April 10, 2020 The Forgotten All Saints Church
HBI recently submitted a proposal to redevelop the historic Dudley house at 167 Centre Street in Roxbury. Built circa 1825 for David and Hannah Dudley and their family, the house remained in the Dudley family until 1896, though much of the large estate had been subdivided for development in the early 1890s. One such development parcel was purchased by Bishop John J. Williams, 4th Archbishop of the Roman Catholic Archdiocese in Boston for the construction of the Church of All Saints.
The decision to build a new Roman Catholic church in this neighborhood was spearheaded by Hugh P. Smyth, the rector of nearby St. Joseph’s church, which served a mainly Irish congregation. The ambitious Father Smyth had overseen the construction of 12 churches before beginning work on All Saints, as well as the renovation of St. Joseph’s and the construction of two parochial schools, a rectory and convent. Following his completion of the St. Joseph’s complex, construction began on the Church of All Saints in 1893 to accommodate the growing population of Catholics in Roxbury.
Unfortunately, clear images of All Saints are hard to find. Dedicated in 1897, it was designed by W.H. and J.A. McGinty of Boston, reportedly with much input from Father Smyth. It was Gothic Revival in style, and described as being built of “Roxbury stone” – presumably Puddingstone – with granite trim and a pressed brick superstructure. The church was entered through a corner tower finished with terra cotta moldings. The sanctuary was octagonal in form, and opened into a vestry. It was designed to accommodate between 800 and 1,000 people. The parish at its opening numbered about 3,000, its territory bounded by Highland Street, starting from Roxbury Street, and continued from Marcella Street to Seaver Street near Washington Street.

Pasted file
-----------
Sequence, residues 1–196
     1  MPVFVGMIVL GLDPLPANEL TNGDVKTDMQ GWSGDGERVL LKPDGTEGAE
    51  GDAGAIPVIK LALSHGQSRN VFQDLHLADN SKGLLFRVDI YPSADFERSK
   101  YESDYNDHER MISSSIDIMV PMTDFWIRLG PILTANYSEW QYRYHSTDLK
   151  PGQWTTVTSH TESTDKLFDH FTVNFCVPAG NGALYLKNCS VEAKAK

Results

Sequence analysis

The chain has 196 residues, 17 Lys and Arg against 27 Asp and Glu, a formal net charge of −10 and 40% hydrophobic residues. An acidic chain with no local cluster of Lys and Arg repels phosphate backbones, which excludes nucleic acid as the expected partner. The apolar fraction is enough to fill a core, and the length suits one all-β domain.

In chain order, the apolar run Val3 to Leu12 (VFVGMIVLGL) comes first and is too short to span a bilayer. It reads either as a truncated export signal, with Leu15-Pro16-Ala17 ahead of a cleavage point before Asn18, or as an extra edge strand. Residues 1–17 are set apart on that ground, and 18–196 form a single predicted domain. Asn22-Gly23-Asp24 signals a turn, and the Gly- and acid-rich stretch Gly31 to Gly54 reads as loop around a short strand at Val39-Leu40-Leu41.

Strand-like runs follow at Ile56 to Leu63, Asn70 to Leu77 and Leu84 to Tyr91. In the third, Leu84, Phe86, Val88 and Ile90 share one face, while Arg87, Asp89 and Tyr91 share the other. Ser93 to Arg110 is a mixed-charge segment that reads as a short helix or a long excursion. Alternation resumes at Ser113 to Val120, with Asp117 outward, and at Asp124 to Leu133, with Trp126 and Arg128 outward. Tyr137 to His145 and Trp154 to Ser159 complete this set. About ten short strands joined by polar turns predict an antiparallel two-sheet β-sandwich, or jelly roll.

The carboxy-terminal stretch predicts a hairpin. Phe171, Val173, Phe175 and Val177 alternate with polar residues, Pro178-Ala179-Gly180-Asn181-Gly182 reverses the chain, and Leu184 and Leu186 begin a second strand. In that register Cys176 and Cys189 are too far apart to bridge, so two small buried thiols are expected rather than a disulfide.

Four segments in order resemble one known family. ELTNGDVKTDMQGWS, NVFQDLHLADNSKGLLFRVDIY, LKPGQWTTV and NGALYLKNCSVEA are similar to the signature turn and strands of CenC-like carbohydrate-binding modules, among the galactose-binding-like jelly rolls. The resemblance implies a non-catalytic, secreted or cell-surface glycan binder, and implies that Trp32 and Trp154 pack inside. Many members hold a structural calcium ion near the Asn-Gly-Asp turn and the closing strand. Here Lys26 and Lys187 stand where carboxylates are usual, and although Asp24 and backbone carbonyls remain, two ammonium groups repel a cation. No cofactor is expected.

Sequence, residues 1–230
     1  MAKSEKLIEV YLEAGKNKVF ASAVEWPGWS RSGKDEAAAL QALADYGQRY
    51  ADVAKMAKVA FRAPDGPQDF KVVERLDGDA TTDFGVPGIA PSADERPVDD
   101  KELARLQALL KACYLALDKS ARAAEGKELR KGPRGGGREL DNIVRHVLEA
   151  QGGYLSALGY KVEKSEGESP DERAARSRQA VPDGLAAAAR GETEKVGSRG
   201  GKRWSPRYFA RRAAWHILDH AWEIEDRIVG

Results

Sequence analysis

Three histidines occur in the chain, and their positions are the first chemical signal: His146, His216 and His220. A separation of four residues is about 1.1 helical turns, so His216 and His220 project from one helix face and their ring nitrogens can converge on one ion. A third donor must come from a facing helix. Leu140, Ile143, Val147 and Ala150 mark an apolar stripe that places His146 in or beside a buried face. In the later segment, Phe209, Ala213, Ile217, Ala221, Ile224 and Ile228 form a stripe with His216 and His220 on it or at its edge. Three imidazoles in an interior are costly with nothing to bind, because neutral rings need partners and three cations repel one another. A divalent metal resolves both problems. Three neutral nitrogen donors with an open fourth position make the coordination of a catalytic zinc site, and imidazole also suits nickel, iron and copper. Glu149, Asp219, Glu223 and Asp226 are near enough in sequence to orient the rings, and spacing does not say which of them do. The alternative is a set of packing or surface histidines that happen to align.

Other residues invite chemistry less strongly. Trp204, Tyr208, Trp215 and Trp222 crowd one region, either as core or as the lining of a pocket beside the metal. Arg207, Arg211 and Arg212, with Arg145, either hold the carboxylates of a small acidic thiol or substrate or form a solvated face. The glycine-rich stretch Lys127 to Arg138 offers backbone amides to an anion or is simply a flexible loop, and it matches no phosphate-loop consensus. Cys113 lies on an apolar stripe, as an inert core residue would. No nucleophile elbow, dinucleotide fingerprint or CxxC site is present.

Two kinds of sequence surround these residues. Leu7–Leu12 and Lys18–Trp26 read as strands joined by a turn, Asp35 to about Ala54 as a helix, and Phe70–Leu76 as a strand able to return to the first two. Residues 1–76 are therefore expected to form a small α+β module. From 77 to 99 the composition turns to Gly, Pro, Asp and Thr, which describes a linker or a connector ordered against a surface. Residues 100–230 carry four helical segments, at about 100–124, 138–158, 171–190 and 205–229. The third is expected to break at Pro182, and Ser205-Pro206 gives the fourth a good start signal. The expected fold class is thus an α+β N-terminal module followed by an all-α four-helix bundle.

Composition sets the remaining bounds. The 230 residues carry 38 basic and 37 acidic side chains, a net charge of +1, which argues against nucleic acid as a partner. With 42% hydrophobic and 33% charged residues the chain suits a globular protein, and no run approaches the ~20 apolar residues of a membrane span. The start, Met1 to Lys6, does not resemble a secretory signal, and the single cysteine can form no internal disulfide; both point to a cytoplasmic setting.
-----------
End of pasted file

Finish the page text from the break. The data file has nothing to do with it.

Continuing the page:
Also in 1897, the Archdiocese acquired the Dudley house for use as All Saints’ rectory. The two story house was significantly altered by the church, including the addition of a third floor with a hip roof and a semi-circular, columned entrance portico. The Dudley house continued as All Saints’ rectory until 1968, when it was taken by the Department of Public Works for the construction of a new highway. Because of the Dudley house’s historical significance, it was spared from demolition, but sadly All Saints church was not so fortunate. The church was demolished, along with many other houses and businesses, for the I-695 Highway that wasn’t built. What was once was a dense urban neighborhood is now a parking lot for Roxbury Community College. All that remains of the All Saints church is the house that served as its rectory for at least as long as it served as a home for the Dudley family.